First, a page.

6. Hi, new member here. The Story (feel free to skip) I am getting back into modelling after a brief suspension of, oh, about 41 years. I'm pretty sure the last model I built was in 1977 - I can't remember doing any in 1978 - that would have been an 1/72nd A6E Intruder... Back then I was in my teens, and a prolific if not exactly pro standard modeller. I'd model anything and everything, mixing all eras, scales, nearly always OOB, and they'd all end up festooning my bedroom ceiling gathering dust. After leaving home my parents reclaimed my room and unceremoniously dumped the lot; I don't think any survive. I started the hobby back in 1973, inspired by the jets I saw streaming out over our newly moved-to house in Hemel Hempstead. These were the Comets, Boeing 720s, 737s, Britannias, BAC 1-11s, and the best of the lot - the Court Line L-1011 TriStar that was brand new to Court and the UK that year. These colourful jets really made an impression on me, with that characteristic RB211 growl still at under 2000ft as they took off out of Luton over our house and school. Me and a friend would cycle up to Luton and gawp at the jets taxiing past the chainlink fence that marked the 'spectator area' in those days. I loved the Court liveries, they seemed so exciting and modern back then, and the TriStars were especially awesome. My planespotting friend and I vowed to become pilots. He did, I didn't - he now flies for EasyJet from Luton. I just write software. Anyway those planes inspired me in other ways, and one of the very first models I built was the Airfix TriStar. Of course it had to be in Court markings, not whatever the kit came with back in those days (maybe Air Canada?). I had no idea. There were no aftermarket decals available, and even if there were I wouldn't have known about them. I hand-painted the lot (with brushes) using approximations to the colours from the Humbrol range. The result was over garish, with horrible hand-painted cheat lines (not even masked). Gloss paint onto bare plastic, dust and fingerprints everywhere, seams unfilled. Yup, the typical rushed effort of a 11-year-old with no skills or patience. Still, I was happy enough with it. I did improve over the years, and the Intruder I built as my last effort to date was done pretty well I think (I owned the extremely crappy Humbrol hobby airbrush by then, powered by canned air). In thinking of restarting the hobby, I decided to see what was around on this internet resource thingy we have today, and discovered there are now aftermarket decals for the Court Line liveries. I also discovered this site, thanks to the inspirational efforts of others who have also 'done' the Court Tristars. In the intervening years I've forgotten a lot of the skills I'd gradually acquired, for what they were ever worth. But also, there are lots of new products and support for the hobby that I wasn't aware of back then. And of course there are a million YouTube videos to help learn how others do it - back in the day I rarely met other modellers, and I was usually ahead of where they were at (which nevertheless isn't saying much). The Model OK, so I have my subject. Initially, my first thought was simply to retread my steps and do the Airfix L-1011. I ordered one, but in the meantime thanks to this site and others I discovered that the Airfix version is not considered very accurate, and so I was advised (thanks Phil and Skodadriver) that the Eastern Express kit might be a better starting point. Once it arrived I compared the two and I can see that the Airfix one does have numerous shortcomings, so it was sound advice. The Eastern moulding also has excellent fine surface detail, though the overall quality of the parts fit and engineering is crude compared to Airfix. Still, I'll manage. I want to bring myself up to speed with the more realistic modelling that is in vogue these days (may have been back then, but I tended to build to a relatively pristine, unweathered finish), use a proper airbrush, photo-etch add-ons, extra detailing and scratching where needed to build something a bit more interesting. But also, since I'm so rusty, an airliner is a relatively simple build that shouldn't end up going unfinished due to overextending myself. But having said that, I decided to build it as if on short finals, with all the flaps hanging out, as that was often how I saw the plane in real life (or else shortly after take off). There's enough work in cutting out the flaps and building up additional details in the flaps mechanisms and undercarriage to make this a pretty good challenge. I'll also be using the Authentic Airliners decals for the windows, 26 Decals for the livery, and the Metallic Details PE kit. So I've made a start by tackling the most difficult bit (I think) first - the flaps. I carefully cut the flaps from the kit wings and used them with added styrene to build up the deployed flap shape. I then added the track fairings to the ends and shaped them. Using piano wire I made up the tracks/mountings. These will be hidden with some further styrene work and an added second upper flap (still to make), and some detailing on the exposed wing internals. At this stage I'm in two minds about the leading edges. I would like to set them deployed, but I'm not sure how to do it. Cutting out the leading edges of the wings would leave them with no material to join the upper and lower halves very well, so I'd prefer to simply add something over the top of the existing parts. Or I may end up deciding it's not worth the trouble. If anyone's actually interested in this build, I'm very keen to hear all possible advice and criticism - I want to do the best I can, but after so long there are probably good ways to do things that an experienced modeller can point out that I wouldn't be aware of. So please don't hold back if you see me doing something stupid, or think there's a better way to accomplish something. I'm hoping the build will take 6-8 weeks, work and other things permitting, but knowing me it'll probably overrun the estimate.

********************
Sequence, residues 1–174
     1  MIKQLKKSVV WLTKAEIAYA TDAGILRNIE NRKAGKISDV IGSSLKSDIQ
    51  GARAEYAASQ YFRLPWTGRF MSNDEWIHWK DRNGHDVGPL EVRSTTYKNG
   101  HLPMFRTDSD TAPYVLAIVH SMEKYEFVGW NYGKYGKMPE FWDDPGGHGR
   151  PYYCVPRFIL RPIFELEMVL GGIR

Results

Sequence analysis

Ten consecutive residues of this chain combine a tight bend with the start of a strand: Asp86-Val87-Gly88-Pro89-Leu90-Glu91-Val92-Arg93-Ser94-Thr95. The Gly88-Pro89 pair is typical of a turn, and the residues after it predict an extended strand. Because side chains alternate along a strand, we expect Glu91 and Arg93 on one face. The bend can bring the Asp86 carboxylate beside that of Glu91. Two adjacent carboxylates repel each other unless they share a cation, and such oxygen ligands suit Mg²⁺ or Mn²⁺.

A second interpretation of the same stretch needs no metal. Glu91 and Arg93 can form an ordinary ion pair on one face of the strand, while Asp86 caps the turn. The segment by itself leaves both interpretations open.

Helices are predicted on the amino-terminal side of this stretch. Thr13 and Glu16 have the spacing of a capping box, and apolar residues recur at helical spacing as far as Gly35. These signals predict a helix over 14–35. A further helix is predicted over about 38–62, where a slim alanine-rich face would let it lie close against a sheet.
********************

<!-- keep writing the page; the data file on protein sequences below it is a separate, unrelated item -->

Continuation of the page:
7. McDonnell Douglas MD-11 1:144 MikroMir After the first generation wide body airliners were established into service, thoughts naturally turned to the future. Of the major companies, Boeing continued to develop the 747 whilst also working on 767 and 777 next generation wide bodies, as did Airbus with the A330 & A340 . Lockheed were unable to do much more than offer minor variations to their Tristar, and Douglas were similarly short of cash, meaning that they too were not able to look at creating a new aircraft. There were several proposals from the 1970’s onwards to develop the DC-10 with fuselage stretches and reductions, but for one reason or another they came to nothing. It was not until 1986 that the MD-11 was finalised and offered for sale. The design featured a 5.6 metre fuselage stretch, redesigned wing & tail, a glass cockpit, and the use of composites in construction, and new fuel efficient engines. The MD-11 program suffered from various delays, and the first flight was seven months late, in January 1990. Performance was also below forecast, with the aircraft unable to meet its range/payload figures. December 1990 saw Finnair introduce the MD-11 into service just days before Christmas 1990. Several airlines were disappointed with their MD-11’s, American Airlines keeping their fleet barely 5 years and Singapore cancelling their entire order. Production lasted just seven years for the passenger version, with the final cargo MD-11’s being built in 2000, giving a total build of 200 MD-11’s of all versions. Of those still flying, all are cargo versions, with FedEx and UPS having the largest fleets. The Kit Developed in partnership with Eastern Express, the MD-11 is an all new tooling of this much wanted subject. Upon opening the box it is quickly apparent that it shares the same design approach as the Eastern Express L1011 Tristar released last year. The plastic is very similar, with the same delicately engraved panel lines and detailing, and most obviously a separate rear fuselage and fin unit. The two fuselage halves are quite big and will need their mating surfaces cleaned up and smoothed off with a sanding block. There are some sprue attachment and a little bit of flash, just as there is on the Tristar kit, and having built a Tristar I can say that it is a simple and quick job. Construction starts with the cockpit, which is very unusual for a 1:144 airliner, but most welcome if like me you sometimes find yourself scratch building to fill the empty space. With those large cockpit windows I expect that this detail should be visible on the completed model. With 10 parts to make up the nosewheel bay and leg there is also more detail than usual. We have come a long way since the shallow recesses provided as wheel bays on the likes of Airfix airliners. With the bay and cockpit completed, they can be inserted into one fuselage half, and fuselage closed up. The instructions show the two main fuselage halves being joined, then the two rear fuselage sections being joined to each other, before bringing the two units together. Personally I prefer to avoid this method, as it often seems to result in a ’step’ on the join. I have not tried it on this kit, so it may be feasible, but on my Tristar I joined the tail units to their respective fuselages, to make two ‘normal’ fuselage halves. If you do the job on a flat surface, everything should be in line. The Tristar came out with an almost perfect join, so I will be tempted to do it this way with the MD-11 kit as well. The cockpit glazing is done with a complete unit, including the roof. The moulding captures the look of the DC-10/MD-11 cockpit windows very well, so I’ll be interested to see how it looks on the completed fuselage. A set of pre cut window masks is on the main masking sheet. The wings have restrained engraved panel lines and are nicely shaped, having the distinctive kink at the roots from mid chord to trailing edge Not easy to photograph, but I’ll give it a try. The engines in this kit are the General Electric CF6-80C2D1F, with separate hot and cold sections, compressor and turbine fan discs. The no.2 engine (tail) is also provided in full, which is pleasing to see. Most MD-11’s used this engine, although there was the option of the Pratt & Whitney 4460 or 4462. I believe that a version of the kit may be produced in the future with the P&W engines. The fuselage underside has a large insert for the wing box, in a style that will be familiar to anyone who has built any of Revell’s wide body Airbus kits. Interestingly a spar is also provided, which goes in before the under fuselage part. The wings later slide over this stub spar, which should add strength and assist in getting the wing to fuselage join lined up. . The landing gear legs are well detailed, including the characteristic central main gear leg, but all the wheels are in halves. The hub detail on them is excellent, and very sharply defined. It is a small point, but I always appreciate the wheel hubs being clearly defined from the tyre like this. It makes painting them so much easier, quite important when there are 24 hub ‘sides’ to do. Decals and markings. The box top has a very distinctive looking MD-11 of Finnair on it, and you can’t fail to notice all the cartoon characters down the side. These are the ‘Moomins’ from the childrens stories by Finnish author Tove Jansson. I know this because when my daughter was young, we had Moomin books, videos, and toys in the house! The big decal sheet contains all the Moomin decals for OH-LGF, and an alternative Santa and his sleigh scheme for OH-LGC. The printing looks really good, the colours are right, the print itself is razor sharp, and everything is in perfect register. Without a doubt these are the best decals I have yet seen from MikroMir. It they work as good as they look, I’ll be well satisfied. The Belgian airline CityBird is provided as a third option, but is only shown on the side of the box, so airliners.net will be your friend if you go for this one. The big ‘CityBird’ logos are not decals, but come as masks, meaning that you really need to spray these. (Or maybe its just me, but I’ve always had paint ‘creep’ under masks when using a brush, whereas I’ve never had any trouble with spraying I used masks on a BPK ‘Air Canada Jazz’ Bombardier CRJ-200, and was very impressed with them). Conclusion Airliner modellers have long had the MD-11 near the top of their with list, so this release is very much appreciated. It has a slight ‘limited run’ look to the plastic parts, with the fuselage mating seam needing cleaning up, the rear fuselage being separate, and the wheels being all in halves. None of this will be of much importance to most builders though, as at long last we have an injection moulded MD-11 . The quality of all the mouldings look to be very good, the fine recessed lines are very restrained and delicate, to the point that you won’t want to lose them by using too many coats of primer and paint. Undoubtedly it will build up into an impressive model, I think it is a good looking aircraft, and an essential one to have in any collection of modern airliners. It’s great to see that after many years of ’drought’, new airliner models have been released in the past couple of years, and with the Argosy & D-11 MikroMir provided a couple from near the top on many peoples ‘wants‘ list.. Already the aftermarket producers have released numerous decal sheets for the various airlines who operated MD-11’s , so it looks set to be a popular model, and deserves to be. Highly Recommended Review sample courtesy of